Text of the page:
March 3rd, 2009 – Colorado Govenor Bill Ritter is proposing a new plan that would provide health coverage to as many as 100,000 Coloradans without insurance. The Colorado Healthcare Affordability Act (House Bill 1293) would collect $600 million for the program through fees imposed on hospitals and then $600 million in additonal matching money from the federal government.
The $1.2 billion would then be used to fund Medicaid and the Colorado Indigent Care Program. Money from the Colorado Healthcare Affordability Act would also be used to expand Colorado’s Children’s Health Plan Plus (CHP+) program for chidlren and pregnant women to people that earn up to 250% of the federal poverty level.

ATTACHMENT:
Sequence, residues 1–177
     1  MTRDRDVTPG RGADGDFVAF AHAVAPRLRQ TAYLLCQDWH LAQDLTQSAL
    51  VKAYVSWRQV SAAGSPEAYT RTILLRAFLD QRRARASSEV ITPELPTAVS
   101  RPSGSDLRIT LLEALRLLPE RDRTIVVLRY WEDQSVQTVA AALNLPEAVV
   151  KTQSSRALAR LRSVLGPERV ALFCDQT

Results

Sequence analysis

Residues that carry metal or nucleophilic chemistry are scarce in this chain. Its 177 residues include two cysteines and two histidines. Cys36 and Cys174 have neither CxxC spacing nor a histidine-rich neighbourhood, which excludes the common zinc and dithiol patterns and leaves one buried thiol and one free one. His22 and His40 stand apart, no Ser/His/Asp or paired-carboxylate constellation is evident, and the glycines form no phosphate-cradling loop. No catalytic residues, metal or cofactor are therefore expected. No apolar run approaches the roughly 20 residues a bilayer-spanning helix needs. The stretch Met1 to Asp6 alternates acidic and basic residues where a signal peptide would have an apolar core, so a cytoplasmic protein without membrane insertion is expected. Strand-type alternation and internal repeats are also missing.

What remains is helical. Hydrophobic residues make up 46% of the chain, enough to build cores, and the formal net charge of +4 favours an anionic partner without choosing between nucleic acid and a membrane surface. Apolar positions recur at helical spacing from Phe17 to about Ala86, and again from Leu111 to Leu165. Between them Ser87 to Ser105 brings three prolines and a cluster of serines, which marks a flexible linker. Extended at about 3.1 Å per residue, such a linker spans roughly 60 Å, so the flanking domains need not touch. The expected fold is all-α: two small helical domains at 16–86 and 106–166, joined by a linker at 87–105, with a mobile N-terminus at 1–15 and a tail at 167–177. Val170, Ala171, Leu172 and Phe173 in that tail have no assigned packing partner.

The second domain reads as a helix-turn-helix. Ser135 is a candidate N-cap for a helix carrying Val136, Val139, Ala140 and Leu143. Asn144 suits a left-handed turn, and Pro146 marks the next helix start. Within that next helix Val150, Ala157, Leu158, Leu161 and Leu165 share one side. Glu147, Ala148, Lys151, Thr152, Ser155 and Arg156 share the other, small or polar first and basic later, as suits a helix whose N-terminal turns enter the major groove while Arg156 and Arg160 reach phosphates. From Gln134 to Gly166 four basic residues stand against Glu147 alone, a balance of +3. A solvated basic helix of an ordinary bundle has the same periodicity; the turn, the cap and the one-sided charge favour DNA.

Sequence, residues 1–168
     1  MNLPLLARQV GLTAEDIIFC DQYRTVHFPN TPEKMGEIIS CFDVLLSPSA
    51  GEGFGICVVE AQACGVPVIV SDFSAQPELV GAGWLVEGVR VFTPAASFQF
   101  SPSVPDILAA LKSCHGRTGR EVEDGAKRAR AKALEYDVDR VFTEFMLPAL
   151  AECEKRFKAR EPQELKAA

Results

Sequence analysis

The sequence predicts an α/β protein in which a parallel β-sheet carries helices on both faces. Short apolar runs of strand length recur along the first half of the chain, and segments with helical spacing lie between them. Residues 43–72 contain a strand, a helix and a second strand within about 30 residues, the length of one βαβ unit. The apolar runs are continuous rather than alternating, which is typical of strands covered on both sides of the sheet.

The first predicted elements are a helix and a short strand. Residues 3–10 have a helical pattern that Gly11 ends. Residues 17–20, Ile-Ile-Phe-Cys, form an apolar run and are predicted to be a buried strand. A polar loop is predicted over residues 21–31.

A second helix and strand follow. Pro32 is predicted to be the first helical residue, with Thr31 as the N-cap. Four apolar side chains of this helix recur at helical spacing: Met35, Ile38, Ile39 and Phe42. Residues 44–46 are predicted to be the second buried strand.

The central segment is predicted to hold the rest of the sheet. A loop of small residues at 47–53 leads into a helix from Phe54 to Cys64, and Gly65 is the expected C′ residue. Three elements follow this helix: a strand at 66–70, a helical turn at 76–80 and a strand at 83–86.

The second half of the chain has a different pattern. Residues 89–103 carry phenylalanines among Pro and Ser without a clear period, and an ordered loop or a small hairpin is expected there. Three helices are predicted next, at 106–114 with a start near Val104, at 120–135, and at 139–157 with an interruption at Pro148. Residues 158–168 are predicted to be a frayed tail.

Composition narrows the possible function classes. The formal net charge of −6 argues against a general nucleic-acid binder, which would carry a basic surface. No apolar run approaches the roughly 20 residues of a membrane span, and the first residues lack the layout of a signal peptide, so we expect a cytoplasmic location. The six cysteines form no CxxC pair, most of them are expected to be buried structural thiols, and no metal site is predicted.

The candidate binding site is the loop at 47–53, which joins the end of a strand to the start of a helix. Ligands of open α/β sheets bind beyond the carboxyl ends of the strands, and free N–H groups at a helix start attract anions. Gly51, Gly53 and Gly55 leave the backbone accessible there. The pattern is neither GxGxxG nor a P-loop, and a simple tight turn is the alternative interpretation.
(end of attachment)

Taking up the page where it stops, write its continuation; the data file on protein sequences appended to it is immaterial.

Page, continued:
The general idea is that if treatment for uninsured Coloradans is paid for through this program then that would reduce uncompensated charges to hospitals. Those uncompensated charges are often passed on to insurance companies and then ultimately to the people and businesses that pay health insurance premiums. One might argue that this bill would not only benefit the 100,000 new enrollees in this program, but it can also help to reduce costs to health insurance premium paying consumers and businesses across Colorado.
What the final bill will look like remains to be seen. Although the bill enjoys some industry support from some hospitals and insurance companies it will be interesting to see what fingerprints Colorado legislators leave on the bill. It would be suprising if the bill did not at least capitalize on getting matching federal dollars for CHP+ and Medicaid.
What are your thoughts about the Colorado Healthcare Affordability Act?